In some embodiments, system 100 may be suitable for use in tactical airborne systems including guided projectiles, missiles and aircraft, and may be used for line-of-sight tracking and/or targeting. In some embodiments, position encoders 110 and 114 may provide position information used for tracking images by an airborne system in which a stored image may be compared with a current image seen by the system. Although the embodiments described herein describe the encoder tracks as part of position encoders 110 and 114, this is not a requirement. In other embodiments, the encoder tracks may be part of other system elements.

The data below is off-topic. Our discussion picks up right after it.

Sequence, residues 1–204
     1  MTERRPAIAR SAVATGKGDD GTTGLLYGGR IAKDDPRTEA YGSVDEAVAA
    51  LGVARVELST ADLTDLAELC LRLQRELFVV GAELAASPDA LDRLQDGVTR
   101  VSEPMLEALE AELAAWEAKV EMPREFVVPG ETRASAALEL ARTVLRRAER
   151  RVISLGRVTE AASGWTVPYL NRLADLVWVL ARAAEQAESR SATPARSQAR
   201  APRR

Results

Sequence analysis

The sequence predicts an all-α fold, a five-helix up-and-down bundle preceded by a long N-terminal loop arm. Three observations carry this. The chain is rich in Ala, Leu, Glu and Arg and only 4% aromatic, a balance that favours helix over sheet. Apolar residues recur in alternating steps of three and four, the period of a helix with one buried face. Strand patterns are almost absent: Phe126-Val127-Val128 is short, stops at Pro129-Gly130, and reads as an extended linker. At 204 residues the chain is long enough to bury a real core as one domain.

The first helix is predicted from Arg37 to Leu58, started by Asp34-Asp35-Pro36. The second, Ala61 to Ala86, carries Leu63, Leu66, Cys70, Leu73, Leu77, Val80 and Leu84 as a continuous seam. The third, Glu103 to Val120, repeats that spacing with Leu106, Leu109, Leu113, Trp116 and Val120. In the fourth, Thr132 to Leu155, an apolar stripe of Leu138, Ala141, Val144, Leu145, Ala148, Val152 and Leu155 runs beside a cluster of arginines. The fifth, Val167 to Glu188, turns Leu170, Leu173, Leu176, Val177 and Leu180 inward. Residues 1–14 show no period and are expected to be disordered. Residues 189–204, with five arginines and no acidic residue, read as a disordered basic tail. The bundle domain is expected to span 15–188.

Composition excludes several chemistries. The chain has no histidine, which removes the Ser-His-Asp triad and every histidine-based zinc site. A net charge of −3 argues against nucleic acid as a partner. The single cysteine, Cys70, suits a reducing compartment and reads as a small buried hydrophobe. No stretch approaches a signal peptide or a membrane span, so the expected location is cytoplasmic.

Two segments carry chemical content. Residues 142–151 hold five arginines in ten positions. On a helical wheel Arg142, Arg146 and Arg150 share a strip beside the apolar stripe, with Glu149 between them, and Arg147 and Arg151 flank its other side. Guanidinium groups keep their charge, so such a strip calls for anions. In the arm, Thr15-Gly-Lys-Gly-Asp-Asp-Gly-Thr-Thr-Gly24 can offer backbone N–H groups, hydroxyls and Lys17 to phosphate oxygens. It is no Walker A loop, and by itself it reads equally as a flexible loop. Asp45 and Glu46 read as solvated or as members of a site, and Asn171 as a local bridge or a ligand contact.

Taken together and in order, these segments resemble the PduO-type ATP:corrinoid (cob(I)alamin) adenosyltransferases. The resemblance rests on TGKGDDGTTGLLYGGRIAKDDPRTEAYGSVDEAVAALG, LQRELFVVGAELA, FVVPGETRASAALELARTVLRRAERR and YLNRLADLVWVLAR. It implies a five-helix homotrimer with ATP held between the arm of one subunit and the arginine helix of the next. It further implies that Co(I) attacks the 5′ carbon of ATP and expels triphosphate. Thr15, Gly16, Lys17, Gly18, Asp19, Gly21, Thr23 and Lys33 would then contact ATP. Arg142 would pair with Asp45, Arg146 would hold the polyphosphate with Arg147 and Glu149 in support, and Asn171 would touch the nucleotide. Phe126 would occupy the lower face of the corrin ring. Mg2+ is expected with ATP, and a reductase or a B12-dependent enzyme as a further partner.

In one embodiment, gimbaled system 100 may provide for image tracking using a control system reference frame position to command a line-of-site vector provided by a gimbal to desired coordinates. A mission computer on an airborne platform may compute the desired coordinates. In one embodiment, when tracking an image in space, the position encoders may be used to transform the position of an image from gimbal-mounted camera into seeker-based coordinates.